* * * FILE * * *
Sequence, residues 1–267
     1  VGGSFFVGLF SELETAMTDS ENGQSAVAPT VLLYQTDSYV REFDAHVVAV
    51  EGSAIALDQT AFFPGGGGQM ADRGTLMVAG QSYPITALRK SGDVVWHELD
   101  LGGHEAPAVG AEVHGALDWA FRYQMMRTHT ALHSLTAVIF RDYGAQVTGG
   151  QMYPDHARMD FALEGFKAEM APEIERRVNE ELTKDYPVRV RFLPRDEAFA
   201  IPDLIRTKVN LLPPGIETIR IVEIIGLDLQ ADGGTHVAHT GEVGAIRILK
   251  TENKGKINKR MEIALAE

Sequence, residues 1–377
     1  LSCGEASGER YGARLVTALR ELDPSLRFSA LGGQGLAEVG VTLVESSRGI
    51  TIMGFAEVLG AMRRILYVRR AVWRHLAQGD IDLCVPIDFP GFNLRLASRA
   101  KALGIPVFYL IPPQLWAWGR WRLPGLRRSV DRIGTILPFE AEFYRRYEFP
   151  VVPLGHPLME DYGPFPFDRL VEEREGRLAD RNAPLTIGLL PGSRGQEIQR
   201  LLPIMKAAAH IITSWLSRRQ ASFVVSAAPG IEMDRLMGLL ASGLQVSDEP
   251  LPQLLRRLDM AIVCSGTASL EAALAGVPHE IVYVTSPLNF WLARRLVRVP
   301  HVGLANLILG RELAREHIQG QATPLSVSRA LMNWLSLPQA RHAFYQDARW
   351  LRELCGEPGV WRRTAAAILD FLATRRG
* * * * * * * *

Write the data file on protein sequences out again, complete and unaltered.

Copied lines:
Sequence, residues 1–267
     1  VGGSFFVGLF SELETAMTDS ENGQSAVAPT VLLYQTDSYV REFDAHVVAV
    51  EGSAIALDQT AFFPGGGGQM ADRGTLMVAG QSYPITALRK SGDVVWHELD
   101  LGGHEAPAVG AEVHGALDWA FRYQMMRTHT ALHSLTAVIF RDYGAQVTGG
   151  QMYPDHARMD FALEGFKAEM APEIERRVNE ELTKDYPVRV RFLPRDEAFA
   201  IPDLIRTKVN LLPPGIETIR IVEIIGLDLQ ADGGTHVAHT GEVGAIRILK
   251  TENKGKINKR MEIALAE

Sequence, residues 1–377
     1  LSCGEASGER YGARLVTALR ELDPSLRFSA LGGQGLAEVG VTLVESSRGI
    51  TIMGFAEVLG AMRRILYVRR AVWRHLAQGD IDLCVPIDFP GFNLRLASRA
   101  KALGIPVFYL IPPQLWAWGR WRLPGLRRSV DRIGTILPFE AEFYRRYEFP
   151  VVPLGHPLME DYGPFPFDRL VEEREGRLAD RNAPLTIGLL PGSRGQEIQR
   201  LLPIMKAAAH IITSWLSRRQ ASFVVSAAPG IEMDRLMGLL ASGLQVSDEP
   251  LPQLLRRLDM AIVCSGTASL EAALAGVPHE IVYVTSPLNF WLARRLVRVP
   301  HVGLANLILG RELAREHIQG QATPLSVSRA LMNWLSLPQA RHAFYQDARW
   351  LRELCGEPGV WRRTAAAILD FLATRRG